Mr. Byrd’s perspective on the world changed over the years. He filibustered against the 1964 Civil Rights Act and supported the Vietnam War only to come to back civil rights measures and criticize the Iraq war. Rating his voting record in 1964, Americans for Democratic Action, the liberal lobbying group, found that his views and the organization’s were aligned only 16 percent of the time. In 2005, he got an A.D.A. rating of 95.

Mr. Byrd’s political life could be traced to his early involvement with the Ku Klux Klan, an association that almost thwarted his career and clouded it intermittently for years afterward.

….

Mr. Byrd insisted that his klavern had never conducted white-supremacist marches or engaged in racial violence. He said in his autobiography that he had joined the Klan because he shared its anti-Communist creed and wanted to be associated with the leading people in his part of West Virginia. He conceded, however, that he also “reflected the fears and prejudices” of the time.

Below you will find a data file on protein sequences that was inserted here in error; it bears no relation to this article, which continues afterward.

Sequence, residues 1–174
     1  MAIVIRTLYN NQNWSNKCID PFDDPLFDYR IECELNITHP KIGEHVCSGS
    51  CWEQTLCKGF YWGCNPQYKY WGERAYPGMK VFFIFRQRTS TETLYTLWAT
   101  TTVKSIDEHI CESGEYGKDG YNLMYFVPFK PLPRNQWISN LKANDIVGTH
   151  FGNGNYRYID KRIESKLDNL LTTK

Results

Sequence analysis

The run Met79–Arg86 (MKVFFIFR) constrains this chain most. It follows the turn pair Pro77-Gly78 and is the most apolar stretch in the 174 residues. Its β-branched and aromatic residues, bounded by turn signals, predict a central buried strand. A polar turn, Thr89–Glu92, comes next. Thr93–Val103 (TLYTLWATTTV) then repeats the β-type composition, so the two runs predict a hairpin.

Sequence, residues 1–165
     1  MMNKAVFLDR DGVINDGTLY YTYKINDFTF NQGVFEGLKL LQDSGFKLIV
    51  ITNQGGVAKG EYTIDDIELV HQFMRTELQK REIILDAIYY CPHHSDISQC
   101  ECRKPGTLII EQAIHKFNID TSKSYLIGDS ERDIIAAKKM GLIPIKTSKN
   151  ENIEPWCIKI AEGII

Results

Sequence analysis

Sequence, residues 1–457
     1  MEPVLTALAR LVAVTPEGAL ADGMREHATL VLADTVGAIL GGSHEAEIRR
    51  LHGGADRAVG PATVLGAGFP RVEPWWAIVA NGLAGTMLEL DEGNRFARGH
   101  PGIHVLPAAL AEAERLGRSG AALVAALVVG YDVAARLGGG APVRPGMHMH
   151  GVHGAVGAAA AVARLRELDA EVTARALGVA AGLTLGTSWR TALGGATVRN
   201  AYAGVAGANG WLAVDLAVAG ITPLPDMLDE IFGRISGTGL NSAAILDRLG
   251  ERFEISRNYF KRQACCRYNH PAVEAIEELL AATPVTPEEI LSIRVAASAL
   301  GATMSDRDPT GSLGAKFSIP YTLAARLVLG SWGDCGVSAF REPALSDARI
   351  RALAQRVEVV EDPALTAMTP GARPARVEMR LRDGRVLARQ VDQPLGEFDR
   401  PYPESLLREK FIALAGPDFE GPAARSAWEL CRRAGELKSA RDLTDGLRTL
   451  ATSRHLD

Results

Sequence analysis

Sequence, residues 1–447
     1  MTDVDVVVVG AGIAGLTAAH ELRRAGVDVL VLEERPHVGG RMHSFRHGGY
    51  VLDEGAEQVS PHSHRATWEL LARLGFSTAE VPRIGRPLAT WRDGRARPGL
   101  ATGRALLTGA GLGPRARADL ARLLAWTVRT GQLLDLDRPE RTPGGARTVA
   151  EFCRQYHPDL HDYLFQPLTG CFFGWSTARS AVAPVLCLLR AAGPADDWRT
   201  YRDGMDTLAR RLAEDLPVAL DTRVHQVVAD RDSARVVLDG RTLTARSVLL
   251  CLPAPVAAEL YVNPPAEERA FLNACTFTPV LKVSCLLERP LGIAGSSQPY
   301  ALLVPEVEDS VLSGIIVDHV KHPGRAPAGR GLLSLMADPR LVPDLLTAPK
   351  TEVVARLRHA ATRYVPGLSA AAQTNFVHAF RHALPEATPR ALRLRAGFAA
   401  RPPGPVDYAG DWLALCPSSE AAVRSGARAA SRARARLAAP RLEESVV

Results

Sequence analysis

-snip-

In contrast is the Times’s treatment of veteran Republican Sen. Jesse Helms of North Carolina, who died on Independence Day 2008: “Jesse Helms, Unyielding Beacon of Conservatism, Is Dead at 86.” Steven Holmes’ obituary for Helms began:

Jesse Helms, the former North Carolina senator whose courtly manner and mossy drawl barely masked a hard-edged conservatism that opposed civil rights, gay rights, foreign aid and modern art, died early Friday. He was 86.

Clymer’s Byrd obituary didn’t mention that Byrd, like Helms, voted on a measure to bar the National Endowment for the Arts of funding “obscene” or “indecent” work.

Clymer also wrote the obituary for centennial Republican Sen. Strom Thurmond, who died on June 26, 2003. Like Byrd, Thurmond was a former segregationist (he made his mark as the States’ Rights candidate in 1948 and became a Republican in 1964) who later reconciled with blacks and became proficient in earning pork for his state. The Times’ headline the following day left no room for doubt: “Strom Thurmond, Foe of Integration, Dies at 100,” although Clymer’s lead didn’t mention race.